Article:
After falling prey to a Megacortex ransomware attack in 2019, one solar installer was left to sort out all its files—a process that took weeks to recover from. Originating through phishing emails, the attack was devasting for the firm. “All of our files were encrypted,” the company’s owner said. Fortunately, the firm had already completed a cybersecurity vulnerability assessment prior to the attack and was already starting to work on the items of the highest priority.
Since the attack, the company has been taking proactive steps to combat any future breaches.
“We’ve probably done 20 things already to make things better,” said the owner. For instance, it improved its password policy; refined its account accessibility privileges (limiting them only to those users who need access to certain accounts); and began using the Barracuda email filtering program.
The solar installer now also takes a more calculated approach to work with new business partners, knowing that its vulnerabilities are not just limited to space within its four walls. “We collaborate electronically and share sensitive data, so we want to work with partners that have good processes and programs in place,” he said. “We’ve invested in a sophisticated IT practice and we now have a road map that supports our digital transformation.”
The De Facto Standard
For one commercial contractor, combatting cyberthreats has meant disconnecting an employee’s laptop from the corporate network in order to address a ransomware or phishing threat (usually by reformatting the laptop). Fortunately, these quick moves have kept the company from experiencing an enterprise-wide cyberattack.
“We’ve had employees click on unsavory links or websites and inadvertently download ransomware,” said the company’s president.
To minimize these occurrences, the company has developed internal policies outlining how to react when there is a potential breach. First, it identifies the breach and where it originated from, then it figures out the impact. Finally, it notifies all responsible parties about the impact to its business units and works to remediate the breach.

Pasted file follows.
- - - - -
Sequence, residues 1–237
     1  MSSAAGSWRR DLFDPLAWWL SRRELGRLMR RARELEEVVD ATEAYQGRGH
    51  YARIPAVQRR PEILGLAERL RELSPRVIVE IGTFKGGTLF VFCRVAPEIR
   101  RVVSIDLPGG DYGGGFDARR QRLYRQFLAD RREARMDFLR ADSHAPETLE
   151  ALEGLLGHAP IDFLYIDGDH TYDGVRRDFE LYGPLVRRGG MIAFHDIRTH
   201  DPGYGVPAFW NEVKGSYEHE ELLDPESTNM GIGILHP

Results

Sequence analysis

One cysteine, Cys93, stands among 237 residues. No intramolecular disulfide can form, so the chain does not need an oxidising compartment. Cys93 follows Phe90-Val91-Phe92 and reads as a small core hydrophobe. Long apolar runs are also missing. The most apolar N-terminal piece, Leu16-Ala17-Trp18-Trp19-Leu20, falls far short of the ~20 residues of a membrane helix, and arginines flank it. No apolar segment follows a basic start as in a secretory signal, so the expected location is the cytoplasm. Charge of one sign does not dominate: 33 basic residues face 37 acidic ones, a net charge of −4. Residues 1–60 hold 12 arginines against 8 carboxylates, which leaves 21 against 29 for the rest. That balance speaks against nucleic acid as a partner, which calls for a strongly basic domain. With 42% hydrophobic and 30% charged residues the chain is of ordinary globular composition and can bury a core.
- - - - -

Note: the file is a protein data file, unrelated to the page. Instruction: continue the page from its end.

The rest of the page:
Its president sees these procedures and processes as extremely important in today’s E&C environment. “Going forward, it’s going to be the de facto standard,” he said. “We’re all going to need to have stated—and understood—cybersecurity policies, systems, and services in place.”
If We Don‘t Have a Good Answer, We Can’t Bid
For one large general contractor that works nationally, regular training, monitoring, awareness, and protocols ensure that attacks do not create major disruptions. “We had an ‘ethical’ hacker on our website just last week, asking for a bounty,” a company manager pointed out. “It’s not that unusual, but we have the systems in place to manage it.”
With about 17 active cybersecurity projects on its to-do list, the company hopes to tackle all of them within the next 18 months. Some of the initiatives include updating all equipment firmware and all software programs. The company also plans to take a “long hard look” at its password policy and how users are authenticated. “We’re also starting a phishing campaign,” the manager said, “where we do ‘fake’ phishing attempts that test our users.”
When asked whether its serious approach will give the general contractor a more competitive position in the marketplace, he said, “People want to know how we’re protecting information, and if we don’t have a good answer, we can’t bid.”
Employee training is also critical. Consider that all staff members should know not only how to handle sensitive data but also how to recognize potential threats (i.e., phishing emails) before they turn into major problems. This applies to everyone in the organization—from the CEO to the summer intern—all of whom must be onboard and complying with the firm’s security policies.
Finally, these business and personnel best practices must be shared. Call it “Cybersecurity in the Workplace.” Fix the tools, address personal behavior, and require commitment from the supply chain. Prequalification criteria need to include cybersecurity
What Goes Into a Good Cybersecurity Defense?
In January, the U.S. Department of Defense (DoD) released version 1.0 of the Cybersecurity Maturity Model Certification (CMMC) framework, which will require DoD contractors and subcontractors to obtain third-party certification of their cybersecurity maturity.
The DoD created the CMMC to combat malicious cyberattacks in the DoD’s supply chain, as such attacks threatened economic security and national security. We will likely see similar moves taken in the private sector—yet another reason why E&C firms need to shore up their cybersecurity approaches sooner rather than later.